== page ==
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Nik Bärtsch's Ronin at World Cafe Live

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Nik Bärtsch's Ronin
World Cafe Live
Philadelphia, PA
May 8, 2018

Of the oddest sights Philadelphia's art scene might offer on any given Tuesday night, a stern-faced figure in samurai hatama whacking a piano with a mallet should probably be in the top five. (Unless there's something like the Fringe Festival going on, in which case, maybe the top twenty.) To the unfamiliar, the music of Nik Bärtsch's Ronin may seem similarly odd and yet oddly compelling—an endlessly grooving kind of less-is-more jazz/funk balancing exciting spontaneity with masterful discipline. Unusual percussive sounds and all, it made for a whirlwind of a performance that was always mesmerizing and sometimes transcendent.

The audience in World Cafe Live's cozy upstairs room was somewhat disappointingly small for the band's long-awaited debut in the city, but they made up in heart what they lacked in numbers. A performance so irresistibly rhythmic inevitably meant some dancing off to the side, which was happily unself-conscious and carefree. Cheers and shouts of joy were plentiful at the right moments between songs. When a piece would drift to a simmer, the applause was often respectfully restrained to let the quieter segues cast their spell in something close to silence.

Appropriately enough, things started in sparse near-emptiness—the leader began a feather-light buildup at the piano until Sha's saxophone eased in light and slow. As Thomy Jordi interjected sporadic bits of bass, the easy drone congealed into the central hook of "Modul 58," the truly epic highlight of the just-released Awase (ECM, 2018). That title refers to moving together as a single organism, and Ronin lived up to it with elegance. From single piano notes and circular bass lines to Kaspar Rast's octopus-like polyrhythmic drumming, all the pieces locked together like parts in a high-functioning engine. They soon built to a small peak, then slightly backed off with Sha making sharp percussive-sounding breath noises as Bärtsch got out the mallets.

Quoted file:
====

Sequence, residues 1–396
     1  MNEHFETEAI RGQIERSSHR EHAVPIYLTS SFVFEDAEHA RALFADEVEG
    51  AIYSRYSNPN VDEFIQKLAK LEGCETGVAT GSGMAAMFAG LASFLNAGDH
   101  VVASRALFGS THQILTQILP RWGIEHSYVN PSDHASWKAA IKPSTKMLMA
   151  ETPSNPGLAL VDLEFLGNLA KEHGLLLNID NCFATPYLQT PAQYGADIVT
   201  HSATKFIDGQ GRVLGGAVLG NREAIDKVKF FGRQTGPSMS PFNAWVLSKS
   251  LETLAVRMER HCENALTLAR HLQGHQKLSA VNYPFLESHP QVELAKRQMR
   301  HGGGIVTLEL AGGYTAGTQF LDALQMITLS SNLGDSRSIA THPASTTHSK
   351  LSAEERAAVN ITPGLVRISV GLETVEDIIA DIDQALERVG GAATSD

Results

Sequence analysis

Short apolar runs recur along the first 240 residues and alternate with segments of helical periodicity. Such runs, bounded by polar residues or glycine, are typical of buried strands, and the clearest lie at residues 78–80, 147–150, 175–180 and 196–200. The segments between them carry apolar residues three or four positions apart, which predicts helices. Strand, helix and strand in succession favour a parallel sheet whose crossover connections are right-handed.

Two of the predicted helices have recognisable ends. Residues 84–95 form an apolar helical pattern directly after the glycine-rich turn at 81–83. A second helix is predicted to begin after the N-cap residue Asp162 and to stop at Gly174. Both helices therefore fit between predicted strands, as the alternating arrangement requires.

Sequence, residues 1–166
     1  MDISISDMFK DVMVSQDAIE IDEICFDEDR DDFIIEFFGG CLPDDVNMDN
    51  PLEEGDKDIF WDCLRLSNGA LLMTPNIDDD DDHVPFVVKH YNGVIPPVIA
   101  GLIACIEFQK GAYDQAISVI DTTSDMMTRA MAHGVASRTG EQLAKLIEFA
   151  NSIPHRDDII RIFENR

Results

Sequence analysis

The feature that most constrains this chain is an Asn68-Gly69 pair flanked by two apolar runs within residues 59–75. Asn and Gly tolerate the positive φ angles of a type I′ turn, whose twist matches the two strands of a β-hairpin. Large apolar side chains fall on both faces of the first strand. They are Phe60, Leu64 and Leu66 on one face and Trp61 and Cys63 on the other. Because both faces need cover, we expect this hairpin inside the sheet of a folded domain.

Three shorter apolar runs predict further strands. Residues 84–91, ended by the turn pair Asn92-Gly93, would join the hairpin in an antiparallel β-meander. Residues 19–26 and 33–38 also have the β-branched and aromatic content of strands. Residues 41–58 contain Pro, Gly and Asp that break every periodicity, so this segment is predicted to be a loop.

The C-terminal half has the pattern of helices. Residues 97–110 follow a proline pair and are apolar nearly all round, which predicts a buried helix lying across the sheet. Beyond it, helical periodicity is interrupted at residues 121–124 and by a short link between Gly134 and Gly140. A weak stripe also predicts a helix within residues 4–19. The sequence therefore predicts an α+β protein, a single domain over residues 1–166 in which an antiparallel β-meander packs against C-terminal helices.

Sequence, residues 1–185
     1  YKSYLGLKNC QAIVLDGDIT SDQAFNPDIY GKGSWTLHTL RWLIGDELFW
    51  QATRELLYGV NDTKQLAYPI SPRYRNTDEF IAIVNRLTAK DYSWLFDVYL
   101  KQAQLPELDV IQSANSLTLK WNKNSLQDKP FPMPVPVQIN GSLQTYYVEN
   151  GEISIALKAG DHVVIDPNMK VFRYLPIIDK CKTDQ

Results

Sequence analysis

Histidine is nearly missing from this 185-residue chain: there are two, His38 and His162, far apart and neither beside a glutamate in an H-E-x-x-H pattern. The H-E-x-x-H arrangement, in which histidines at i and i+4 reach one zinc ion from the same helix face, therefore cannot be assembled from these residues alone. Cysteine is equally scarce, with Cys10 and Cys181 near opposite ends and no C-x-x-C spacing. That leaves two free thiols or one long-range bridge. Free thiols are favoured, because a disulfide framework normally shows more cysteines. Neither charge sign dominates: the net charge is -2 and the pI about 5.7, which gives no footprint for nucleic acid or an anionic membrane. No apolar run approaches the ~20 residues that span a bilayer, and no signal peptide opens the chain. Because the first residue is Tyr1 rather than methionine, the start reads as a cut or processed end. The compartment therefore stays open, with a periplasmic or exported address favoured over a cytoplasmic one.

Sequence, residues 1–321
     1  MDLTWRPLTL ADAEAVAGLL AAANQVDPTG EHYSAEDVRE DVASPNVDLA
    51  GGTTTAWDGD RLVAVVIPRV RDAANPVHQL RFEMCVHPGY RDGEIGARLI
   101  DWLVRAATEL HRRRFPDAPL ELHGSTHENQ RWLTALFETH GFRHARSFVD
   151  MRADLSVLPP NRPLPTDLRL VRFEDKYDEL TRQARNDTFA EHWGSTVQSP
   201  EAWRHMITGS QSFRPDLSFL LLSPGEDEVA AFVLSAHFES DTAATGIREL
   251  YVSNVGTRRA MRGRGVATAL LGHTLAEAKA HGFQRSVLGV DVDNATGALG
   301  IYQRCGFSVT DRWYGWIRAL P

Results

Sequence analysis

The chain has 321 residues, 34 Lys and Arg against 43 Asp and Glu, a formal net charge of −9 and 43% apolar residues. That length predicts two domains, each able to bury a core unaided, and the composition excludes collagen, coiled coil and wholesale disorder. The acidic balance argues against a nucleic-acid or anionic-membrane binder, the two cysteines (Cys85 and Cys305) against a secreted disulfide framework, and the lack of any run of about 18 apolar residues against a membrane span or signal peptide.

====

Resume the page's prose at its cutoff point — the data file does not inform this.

The band took several minutes to ramp up from that intro to a wild roiling churn, though the changes always happened so naturally you couldn't hear the join. The leader's joy was infectious as he switched between two-hand counterpoint piano runs and fuzzy electric keys, often juggling parts with the calm concentration of a monk, then suddenly cracking up or smiling ear to ear as someone took flight. Sha's piece "A" made a mid-set breather as they traded the shifting rhythms for a more static yet dynamic trance. Soon it led to another room-hushing segue with Bärtsch making plonky noises from the piano's interior strings, until they eased into the slowly-snowballing "Modul 36"—and where its studio recordings smolder, this one combusted and then exploded.

We could really do without that widespread tradition of briefly leaving the stage when everyone knows the show isn't over. Nobody was fooled when the band walked off after barely an hour; in mere moments they were back for another 35 minutes of chamber-trance and James Brown funk that left everyone jumping to their feet. For a surprisingly straightforward touch, the last stretch actually combined the precise interlocking grooves with some honest-to-God solos. Bärtsch's electric piano dueled with some nimbly solid riffing from Jordi's bass. They and Sha each got a space to step out and wail—though, as always, they managed it without a hint of flash or ego.

Above all it was a communal experience: while some people join together by attending sports games or going to church, Ronin finds spiritual oneness through creating something beautiful as a one-of-a-kind musical unit. It was a magnificent experience, challengingly smart, beautifully accessible and exhilarating to behold.

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